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Cannabis Watch: Short sellers are increasing bets on cannabis stocks even after summer selloff

Short sellers have continued to build positions in the cannabis sector, even after a broad re-rating of risk following a steep summer selloff, according to financial analytics and software-as-a-service firm S3 Partners.

“Bearish speculators have strong conviction maintaining short exposure in the cannabis sector, despite the high borrow/carry costs,” said Matthew Unterman, director at the New York-based firm.

Those costs are an average of 21.6% for the overall sector, rising to 24.6% for the top 20 most shorted stock in the sector, according to Ihor Dusaniwsky, head of predictive analytics at S3.

“In aggregate, total daily short financing costs for the sector is $2.45 million per day or $883 million per year at these rates,” Dusaniwsky wrote in a new report on Friday.

The cannabis sector has tumbled in the past few months as spooked investors began to re-evaluate its prospects amid a slower and more rocky-than-expected rollout of legal cannabis in Canada, which continues to be hurt by a shortage of stores.

Corporate governance scandals, such as the one involving illegal growing at CannTrust, and a regulatory clampdown on CBD products have added to the gloom.

In the U.S., the continued power of the black market and the reluctance of law-enforcement officials to crack down for fear of seeming to revive the war on drugs has hampered the development of the legal market. The continued federal ban on cannabis, and reluctance of federally insured banks to serve the sector, have formed another obstacle. A bill that aims to offer protection for banks has stalled in the Senate for now.

Read:One year on, Canada’s legal cannabis market is down but not out

Sell-side analysts, who were mostly bullish at the start of the year, have started to rein in their recommendations and shave stock price targets.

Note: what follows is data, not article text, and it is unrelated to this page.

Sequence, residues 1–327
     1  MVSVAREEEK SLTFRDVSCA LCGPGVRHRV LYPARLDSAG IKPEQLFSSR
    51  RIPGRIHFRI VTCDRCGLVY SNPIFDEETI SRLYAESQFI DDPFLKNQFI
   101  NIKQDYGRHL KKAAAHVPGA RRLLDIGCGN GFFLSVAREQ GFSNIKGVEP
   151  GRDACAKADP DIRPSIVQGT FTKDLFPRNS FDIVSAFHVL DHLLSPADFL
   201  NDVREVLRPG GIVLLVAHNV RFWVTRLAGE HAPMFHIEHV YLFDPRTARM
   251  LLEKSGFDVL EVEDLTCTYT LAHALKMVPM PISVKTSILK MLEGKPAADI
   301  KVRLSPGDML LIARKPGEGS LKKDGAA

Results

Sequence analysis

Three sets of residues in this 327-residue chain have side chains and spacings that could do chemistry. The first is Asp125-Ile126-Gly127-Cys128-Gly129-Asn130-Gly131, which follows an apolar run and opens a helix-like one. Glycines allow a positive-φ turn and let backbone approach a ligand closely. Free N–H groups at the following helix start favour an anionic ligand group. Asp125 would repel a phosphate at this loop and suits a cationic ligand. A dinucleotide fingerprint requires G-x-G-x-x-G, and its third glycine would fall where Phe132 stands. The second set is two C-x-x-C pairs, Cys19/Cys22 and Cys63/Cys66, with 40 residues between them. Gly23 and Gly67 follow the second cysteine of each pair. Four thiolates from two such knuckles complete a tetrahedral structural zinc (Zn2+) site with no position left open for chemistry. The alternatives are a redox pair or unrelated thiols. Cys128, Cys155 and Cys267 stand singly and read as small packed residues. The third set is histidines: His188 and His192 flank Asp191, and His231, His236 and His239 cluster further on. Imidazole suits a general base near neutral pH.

“Rather than be wildly profitable in two years, we expect the Canadian LPs to be roughly break-even,” is how MKM analyst Bill Kirk summed it up in a recent note. “.. Companies with near-term funding needs may have difficulty,” he added.

See: Marijuana-derived epilepsy-drug sales rise 25%, but GW Pharma stock plunges more than 12%

In case you missed it:Short sellers are increasing bets that cannabis stocks will fall

Against that backdrop, short positions in seven of the better-known Canadian names have spiked higher, according to data provided by S3.

Short sellers take a view on a stock that it will fall in price. They then borrow the shares so they can sell them, hoping they can later scoop them up at a lower price, return them to the original lender and pocket the difference.

Short positions in Tilray Inc. TLRY, -6.40%, which is based in Toronto but listed only on Nasdaq, have increased to 38% of the float on Wednesday from about 22% on Jan. 1, according to S3 data.

For market leader Canopy Growth Corp. CGC, -5.41% , WEED, -5.19% which trades on the Toronto Stock Exchange and the New York Stock Exchange, short interest has increased to an aggregate 25% from about 14% in January.

At Aurora Cannabis ACB, -4.99% , ACB, -4.97% the most widely held cannabis stock which also trades on the TSX and NYSE, short positions now account for an aggregate 19% of the float versus 12% in January. At Aphria Inc. APHA, -1.97% , APHA, -2.97% also traded on TSX and NYSE, shorts account for 16% of the float compared with 15% in January.

At Hexo Corp. HEXO, -9.79% , HEXO, -8.77% which is dual listed on the TSX and NYSE, short positions account for 15% of the float compared with just 6% in January.

For Cronos Group Inc. CRON, -5.16% , CRON, -5.06% which trades on the TSX and on Nasdaq, short positions have grown to 26% of its float from 14%, while at Green Organic TGODF, -0.96%TGOD, +0.00% which trades on the TSE and the U.S. over-the-counter market, short positions have climbed to 5% from 2%.

Cannabis shorts were looking at paper losses of about $1.8 billion in the first quarter, but were up $509 million in mark-to-market profits by the end of the third quarter, said Dusaniwsky. October was a profitable month, and November is starting off on a strong note, he said. Short sellers are currently up more than $190 million for the month.

One bank is now betting that the worst is over and that stocks have bottomed out. Cantor Fitzgerald said Tuesday it expects positive catalysts to outweigh negative ones in the coming year.

All seven stocks tracked by S3 have lost ground this year, led by Tilray, which is down 67%. U.S.-listed shares of Green Organic Dutchman are down 57%, Hexo is down 37%, Canopy is down 29%, Aurora is down 26%, Cronos is down 19% and Aphria is down 12%.

ETFMG Alternative Harvest ETF MJ, -2.49% has fallen 22%, while the S&P 500 SPX, -0.20% has gained 23% and the Dow Jones Industrial Average DJIA, +0.04% has gained about 18%.

Cannabis Watch: For all of MarketWatch’s coverage of cannabis companies, click here